Hamilton City Council has developed a strategy to help make more informed decisions on issues of cultural significance.
This follows its removal from outside the council headquarters of a statue of colonial figure Captain John Hamilton, who fought against Māori in the New Zealand Wars. Hamilton was renamed after him later.
The programme includes nine separate pieces of work including a strategy to support the wellbeing and aspirations of Māori; a review of how streets, open places and facilities are named; and plans to provide historical context and guidance to Māori landmarks. It will also determine the fate of the Hamilton statue, which was removed on June 12.
Captain John Hamilton statue
Hamilton mayor Paula Southgate says options for the future of the Captain Hamilton statue, as well as options for Hamilton street names, will come before the committee by March.
“We’ve started a journey talking with all of our stakeholders," she says.
“Waikato-Tainui is definitely engaged in that conversation. We’ve got five māngai Māori. We had a conversation with them and their expectations and local hapū and iwi groups but also the wider community to get people to understand why we’re doing what we’re doing.”
The removal of the statue took place after kaumātua Taitimu Maipi said he intended to remove it during a protest on June 13. It also followed part of the fallout from Black Lives Matters protests around the world, which led in turn to trenchant criticism of memorials and statues from racist or colonialist eras.
Southgate says, “Of course the Black Lives Matter march drew light on racial disharmony all around the world and locally and statues became a little bit of a focus of that because they represent historic hurts and harm that we needed to address. I strongly believe you can’t ignore things - you have to have some brave conversations to go forward or we just keep putting the lid on until it simmers and bubbles up again and that doesn’t advance anyone.”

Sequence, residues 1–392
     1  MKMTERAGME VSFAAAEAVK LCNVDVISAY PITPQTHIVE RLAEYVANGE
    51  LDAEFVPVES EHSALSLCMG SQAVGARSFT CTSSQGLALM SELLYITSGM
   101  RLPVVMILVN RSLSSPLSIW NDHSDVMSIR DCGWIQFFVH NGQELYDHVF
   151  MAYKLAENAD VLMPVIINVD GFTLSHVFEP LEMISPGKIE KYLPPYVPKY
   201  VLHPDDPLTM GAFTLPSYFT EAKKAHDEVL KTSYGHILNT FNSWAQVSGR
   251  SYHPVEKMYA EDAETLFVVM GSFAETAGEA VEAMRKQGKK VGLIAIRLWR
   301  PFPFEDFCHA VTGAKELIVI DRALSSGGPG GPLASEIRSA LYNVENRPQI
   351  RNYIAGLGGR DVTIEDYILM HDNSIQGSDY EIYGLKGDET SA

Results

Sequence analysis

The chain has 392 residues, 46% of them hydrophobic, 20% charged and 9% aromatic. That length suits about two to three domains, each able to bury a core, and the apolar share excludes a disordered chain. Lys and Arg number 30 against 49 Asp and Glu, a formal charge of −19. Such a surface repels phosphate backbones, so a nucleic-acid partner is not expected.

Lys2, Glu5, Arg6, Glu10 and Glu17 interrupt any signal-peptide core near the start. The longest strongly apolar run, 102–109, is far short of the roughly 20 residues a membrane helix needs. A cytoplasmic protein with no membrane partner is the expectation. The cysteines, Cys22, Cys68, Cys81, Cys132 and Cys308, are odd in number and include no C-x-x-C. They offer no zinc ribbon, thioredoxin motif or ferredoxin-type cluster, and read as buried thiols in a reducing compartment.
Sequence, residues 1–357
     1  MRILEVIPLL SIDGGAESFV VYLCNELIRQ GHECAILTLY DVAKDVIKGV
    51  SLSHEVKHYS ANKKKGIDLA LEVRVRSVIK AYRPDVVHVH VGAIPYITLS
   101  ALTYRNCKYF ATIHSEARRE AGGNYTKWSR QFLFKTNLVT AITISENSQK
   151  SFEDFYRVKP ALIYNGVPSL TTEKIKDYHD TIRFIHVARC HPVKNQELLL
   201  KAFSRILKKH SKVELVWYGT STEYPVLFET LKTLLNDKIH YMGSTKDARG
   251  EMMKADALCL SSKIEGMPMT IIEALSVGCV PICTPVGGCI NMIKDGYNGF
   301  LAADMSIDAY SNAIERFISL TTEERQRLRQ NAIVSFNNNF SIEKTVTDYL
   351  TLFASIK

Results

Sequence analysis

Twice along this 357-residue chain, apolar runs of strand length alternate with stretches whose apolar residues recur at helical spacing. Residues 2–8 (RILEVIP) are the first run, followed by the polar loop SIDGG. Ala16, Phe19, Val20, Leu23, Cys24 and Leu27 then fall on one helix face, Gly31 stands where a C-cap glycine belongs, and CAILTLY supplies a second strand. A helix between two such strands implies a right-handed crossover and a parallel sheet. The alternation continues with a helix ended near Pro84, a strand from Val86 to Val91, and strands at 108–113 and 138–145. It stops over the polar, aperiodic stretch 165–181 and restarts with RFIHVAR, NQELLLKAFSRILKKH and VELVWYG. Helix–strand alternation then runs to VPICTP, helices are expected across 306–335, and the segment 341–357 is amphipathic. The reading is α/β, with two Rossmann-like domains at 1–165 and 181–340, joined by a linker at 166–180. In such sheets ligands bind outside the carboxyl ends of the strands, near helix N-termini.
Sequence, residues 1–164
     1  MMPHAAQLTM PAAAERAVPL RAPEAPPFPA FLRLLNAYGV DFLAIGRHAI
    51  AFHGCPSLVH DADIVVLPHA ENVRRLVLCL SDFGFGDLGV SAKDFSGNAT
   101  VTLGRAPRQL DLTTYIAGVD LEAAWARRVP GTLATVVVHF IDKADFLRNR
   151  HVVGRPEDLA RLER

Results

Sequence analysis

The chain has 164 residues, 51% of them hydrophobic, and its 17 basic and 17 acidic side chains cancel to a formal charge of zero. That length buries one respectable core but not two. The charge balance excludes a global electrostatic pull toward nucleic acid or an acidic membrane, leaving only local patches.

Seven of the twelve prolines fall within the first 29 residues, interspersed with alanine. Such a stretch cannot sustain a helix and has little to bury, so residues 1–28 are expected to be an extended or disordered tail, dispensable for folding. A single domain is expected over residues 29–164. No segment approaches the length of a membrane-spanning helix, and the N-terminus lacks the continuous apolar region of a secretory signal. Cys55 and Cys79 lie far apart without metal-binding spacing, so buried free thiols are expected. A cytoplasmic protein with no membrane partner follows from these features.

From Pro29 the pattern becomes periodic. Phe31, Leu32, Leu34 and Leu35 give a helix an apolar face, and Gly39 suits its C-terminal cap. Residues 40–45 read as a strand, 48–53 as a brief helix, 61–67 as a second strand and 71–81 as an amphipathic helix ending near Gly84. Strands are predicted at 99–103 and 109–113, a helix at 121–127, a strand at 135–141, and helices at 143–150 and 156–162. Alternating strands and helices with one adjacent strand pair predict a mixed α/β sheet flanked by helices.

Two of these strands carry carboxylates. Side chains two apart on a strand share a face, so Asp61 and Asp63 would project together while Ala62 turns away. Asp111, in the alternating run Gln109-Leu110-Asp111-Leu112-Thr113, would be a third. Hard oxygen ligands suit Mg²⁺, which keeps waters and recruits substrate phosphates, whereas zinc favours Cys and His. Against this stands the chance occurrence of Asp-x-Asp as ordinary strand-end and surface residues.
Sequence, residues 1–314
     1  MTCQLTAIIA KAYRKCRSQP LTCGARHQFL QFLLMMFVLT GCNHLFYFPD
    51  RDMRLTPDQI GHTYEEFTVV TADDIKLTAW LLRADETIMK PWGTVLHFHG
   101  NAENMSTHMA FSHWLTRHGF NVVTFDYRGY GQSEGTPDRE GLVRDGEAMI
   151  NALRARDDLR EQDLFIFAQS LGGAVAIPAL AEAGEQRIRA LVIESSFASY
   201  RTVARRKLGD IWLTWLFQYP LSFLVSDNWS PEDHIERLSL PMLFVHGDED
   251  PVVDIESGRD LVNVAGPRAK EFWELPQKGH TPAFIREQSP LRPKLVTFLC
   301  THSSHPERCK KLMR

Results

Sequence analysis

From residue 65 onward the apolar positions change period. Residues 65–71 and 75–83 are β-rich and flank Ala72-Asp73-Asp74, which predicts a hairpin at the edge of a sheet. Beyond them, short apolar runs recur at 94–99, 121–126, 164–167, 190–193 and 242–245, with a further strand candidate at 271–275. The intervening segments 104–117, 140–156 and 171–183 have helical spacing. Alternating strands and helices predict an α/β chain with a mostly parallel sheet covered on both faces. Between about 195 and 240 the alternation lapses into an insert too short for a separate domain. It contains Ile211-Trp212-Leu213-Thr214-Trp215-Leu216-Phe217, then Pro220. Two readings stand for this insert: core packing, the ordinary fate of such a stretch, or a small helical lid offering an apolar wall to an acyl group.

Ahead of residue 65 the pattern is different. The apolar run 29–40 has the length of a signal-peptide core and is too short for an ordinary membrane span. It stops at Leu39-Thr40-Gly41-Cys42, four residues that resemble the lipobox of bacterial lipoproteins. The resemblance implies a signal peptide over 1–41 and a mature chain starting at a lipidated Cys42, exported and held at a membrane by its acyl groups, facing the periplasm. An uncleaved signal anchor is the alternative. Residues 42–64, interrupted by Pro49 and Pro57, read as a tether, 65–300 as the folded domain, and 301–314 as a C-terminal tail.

Southgate says initially the statue was removed in June for public safety reasons.
“But now we’ve got the opportunity to reframe our story and our identity of our city. I know many people are angry at me because of that but let’s embrace it and talk together and get the job done properly.”
Hamilton statue toppled on iwi request / Te Ao - June 12, 2020
Southgate says the programme is a priority.
"This is an issue that keeps bubbling up. This is about cultural offence, this is about cultural sensitivity, that’s been going on for a long time and we’ve been aware of that.”
The programme also includes the development of a city heritage plan; the development of options to consider how to deal with controversial street names; a review of the council's existing public art process; and seeking clarity about the council's role in arts and culture.
The council's general manager of community, Lance Vervoort, says each piece of work would require robust and wide consultation.
"Elected members have asked staff to come back with details fora comprehensive consultation process that will allow all voices in the city to be heard,” he says.
The first items that are expected to come back to the community committee are recommendations around a public art process and a strategy to support the wellbeing of Māori, due before the end of the year. Remaining work will be completed by mid to late 2021.